My own struggle to know God was paramount when I first entered the twelve-step rooms. I seemed to be surrounded by women and men who had the kind of relationship with God that I yearned for, but I simply didn’t understand how to make the connection. I read books, of course. One that meant so much was The Practice of the Presence of God by Brother Lawrence, a book given to me by my dear mother-in-law, Ruth, who worried so about me and my struggle to feel God’s presence. I loved Brother Lawrence’s words and felt warmly comforted while reading them, but then the “magic” would dissipate and I’d feel desperately alone again.
Another book that had an impact was On Becoming a Musical, Mystical Bear by Matthew Fox. Just make God your friend and companion, he said. His words were so gentle and accessible. I loved doing what he suggested and, while cozily sitting in my brown recliner, I felt like “my friend” showed up with words of encouragement day in and day out. But unfortunately, those words didn’t sustain me when I rejoined my husband or other friends. The sense of aloneness was the constant of my life.
What I have come to understand, and to treasure in my forty-six years of recovery, is that God was always carrying me, even before I believed in the concept of God. I love the realization I now have that He always believed in me whether I believed in Him or not. That’s the beauty of God, isn’t it? He can’t leave our side ever because He is always within us. He has no choice! And neither do we. Hallelujah.
That the writings that comprised Each Day a New Beginning ever became a book owes all to Harry Swift, the director of Hazelden at the time of my angst. I was working there, and for some reason (perhaps his assignment from God), he took an interest in my recovery and my life. I shared with him my struggle to connect with a Higher Power and told him about the writing I was doing to try to find Him. Surprisingly, he asked to see what I had written, and the rest is history, as they say. He was confident that other women might relate to my dilemma. I really hadn’t ever considered that. It wasn’t about my being selfish, but rather, I felt pretty sure that what I had to say wouldn’t mean anything to others. God and I were making a special connection. That’s all I knew. And I hungered for it daily.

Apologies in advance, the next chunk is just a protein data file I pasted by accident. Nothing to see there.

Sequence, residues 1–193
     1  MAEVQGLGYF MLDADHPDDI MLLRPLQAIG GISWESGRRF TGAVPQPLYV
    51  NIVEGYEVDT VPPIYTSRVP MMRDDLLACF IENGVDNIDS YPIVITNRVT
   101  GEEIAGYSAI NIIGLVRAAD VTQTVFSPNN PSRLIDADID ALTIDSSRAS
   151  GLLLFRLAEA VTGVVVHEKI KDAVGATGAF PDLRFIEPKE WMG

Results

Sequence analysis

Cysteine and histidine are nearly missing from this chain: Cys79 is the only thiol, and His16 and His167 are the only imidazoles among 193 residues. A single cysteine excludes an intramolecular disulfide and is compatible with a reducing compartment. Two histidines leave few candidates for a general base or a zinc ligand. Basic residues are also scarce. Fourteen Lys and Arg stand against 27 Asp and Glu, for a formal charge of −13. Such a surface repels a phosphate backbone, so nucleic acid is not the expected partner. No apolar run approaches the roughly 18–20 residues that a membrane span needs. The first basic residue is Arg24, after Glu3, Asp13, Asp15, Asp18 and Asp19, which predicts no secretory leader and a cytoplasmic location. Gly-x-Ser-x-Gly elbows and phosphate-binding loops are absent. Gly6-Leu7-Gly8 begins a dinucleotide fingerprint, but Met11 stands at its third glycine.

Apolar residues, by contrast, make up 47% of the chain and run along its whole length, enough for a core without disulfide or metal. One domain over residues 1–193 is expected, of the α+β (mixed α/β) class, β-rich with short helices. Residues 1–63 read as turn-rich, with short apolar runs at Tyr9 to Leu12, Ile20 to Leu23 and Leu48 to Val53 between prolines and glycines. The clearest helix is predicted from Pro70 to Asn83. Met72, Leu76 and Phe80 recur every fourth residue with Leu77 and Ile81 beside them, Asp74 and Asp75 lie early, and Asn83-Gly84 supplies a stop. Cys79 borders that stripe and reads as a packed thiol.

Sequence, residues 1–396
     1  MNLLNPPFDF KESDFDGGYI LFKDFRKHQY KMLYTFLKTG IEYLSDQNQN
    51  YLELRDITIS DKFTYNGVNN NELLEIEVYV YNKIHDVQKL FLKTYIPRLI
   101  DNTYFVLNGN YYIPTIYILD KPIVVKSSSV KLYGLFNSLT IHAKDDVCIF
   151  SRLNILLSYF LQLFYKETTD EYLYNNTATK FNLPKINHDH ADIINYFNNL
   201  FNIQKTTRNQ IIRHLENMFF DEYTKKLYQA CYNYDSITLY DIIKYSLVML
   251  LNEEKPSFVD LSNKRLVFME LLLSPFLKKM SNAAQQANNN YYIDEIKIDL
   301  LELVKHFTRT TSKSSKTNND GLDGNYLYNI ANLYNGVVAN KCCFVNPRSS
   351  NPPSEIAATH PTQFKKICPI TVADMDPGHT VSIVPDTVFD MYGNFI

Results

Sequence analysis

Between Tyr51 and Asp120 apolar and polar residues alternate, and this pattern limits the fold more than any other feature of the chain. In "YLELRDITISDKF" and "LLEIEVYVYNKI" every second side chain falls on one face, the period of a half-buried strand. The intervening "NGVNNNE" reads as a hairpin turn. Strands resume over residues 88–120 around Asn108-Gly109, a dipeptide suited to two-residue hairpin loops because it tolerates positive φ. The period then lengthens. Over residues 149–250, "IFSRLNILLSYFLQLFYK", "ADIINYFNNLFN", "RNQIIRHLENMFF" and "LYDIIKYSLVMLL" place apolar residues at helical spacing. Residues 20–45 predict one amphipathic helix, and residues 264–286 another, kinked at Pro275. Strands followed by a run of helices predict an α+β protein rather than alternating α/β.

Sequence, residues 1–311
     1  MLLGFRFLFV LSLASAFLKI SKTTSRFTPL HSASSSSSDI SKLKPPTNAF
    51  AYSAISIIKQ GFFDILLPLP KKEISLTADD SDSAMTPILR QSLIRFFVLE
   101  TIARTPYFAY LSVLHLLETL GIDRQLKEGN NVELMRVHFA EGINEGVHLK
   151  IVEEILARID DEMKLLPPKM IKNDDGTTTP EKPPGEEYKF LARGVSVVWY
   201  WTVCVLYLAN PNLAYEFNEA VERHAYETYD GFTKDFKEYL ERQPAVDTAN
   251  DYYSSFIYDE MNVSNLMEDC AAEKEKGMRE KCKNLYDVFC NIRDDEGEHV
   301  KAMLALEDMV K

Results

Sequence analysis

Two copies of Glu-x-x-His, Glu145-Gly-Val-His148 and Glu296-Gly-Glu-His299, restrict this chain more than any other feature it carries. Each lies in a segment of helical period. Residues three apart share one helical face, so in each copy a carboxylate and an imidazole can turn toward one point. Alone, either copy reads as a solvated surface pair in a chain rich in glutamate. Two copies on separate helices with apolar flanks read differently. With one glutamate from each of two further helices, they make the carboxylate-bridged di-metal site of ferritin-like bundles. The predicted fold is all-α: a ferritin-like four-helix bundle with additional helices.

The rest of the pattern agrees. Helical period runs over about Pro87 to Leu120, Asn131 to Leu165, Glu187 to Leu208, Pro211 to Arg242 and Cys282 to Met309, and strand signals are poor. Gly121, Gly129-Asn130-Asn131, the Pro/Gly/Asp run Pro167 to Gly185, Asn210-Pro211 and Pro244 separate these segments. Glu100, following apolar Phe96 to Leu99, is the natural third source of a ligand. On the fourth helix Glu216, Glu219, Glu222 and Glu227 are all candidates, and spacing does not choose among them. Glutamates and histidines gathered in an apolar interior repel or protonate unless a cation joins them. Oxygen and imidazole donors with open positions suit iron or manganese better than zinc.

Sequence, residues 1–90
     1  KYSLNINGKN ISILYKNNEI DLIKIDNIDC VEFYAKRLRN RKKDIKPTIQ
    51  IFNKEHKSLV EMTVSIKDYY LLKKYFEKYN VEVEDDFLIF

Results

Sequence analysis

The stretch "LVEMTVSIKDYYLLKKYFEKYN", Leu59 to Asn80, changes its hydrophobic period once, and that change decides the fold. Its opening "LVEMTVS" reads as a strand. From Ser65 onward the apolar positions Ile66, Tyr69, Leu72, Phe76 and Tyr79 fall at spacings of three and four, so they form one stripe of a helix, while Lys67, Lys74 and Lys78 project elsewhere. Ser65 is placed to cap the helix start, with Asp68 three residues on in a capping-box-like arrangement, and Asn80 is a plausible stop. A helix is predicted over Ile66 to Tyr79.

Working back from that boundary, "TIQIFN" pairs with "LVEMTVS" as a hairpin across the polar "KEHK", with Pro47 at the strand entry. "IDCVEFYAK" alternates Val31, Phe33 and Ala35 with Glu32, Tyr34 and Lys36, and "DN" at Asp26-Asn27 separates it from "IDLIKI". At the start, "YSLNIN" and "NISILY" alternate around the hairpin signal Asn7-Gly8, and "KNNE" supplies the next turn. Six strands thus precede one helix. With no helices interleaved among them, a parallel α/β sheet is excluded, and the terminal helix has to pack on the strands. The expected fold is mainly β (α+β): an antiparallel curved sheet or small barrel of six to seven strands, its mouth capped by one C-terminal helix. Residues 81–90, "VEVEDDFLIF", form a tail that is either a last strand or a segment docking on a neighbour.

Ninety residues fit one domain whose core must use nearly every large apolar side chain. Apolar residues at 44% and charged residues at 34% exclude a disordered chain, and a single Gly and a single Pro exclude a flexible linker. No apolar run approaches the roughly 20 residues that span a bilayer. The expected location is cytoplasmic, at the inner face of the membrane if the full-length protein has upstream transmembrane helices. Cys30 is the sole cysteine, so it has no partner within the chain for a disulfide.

No one was more surprised than me that, when the book was published in December of the following year, it “flew off the shelves.” And now more than 3.5 million copies later, it still strikes a chord with many women—and, I’ve been told, many men too. I’m not so sure it’s due to any special wisdom I had then or have now, but my yearning to know God was felt and understood by many souls who were wandering the same path that so clearly had captivated me.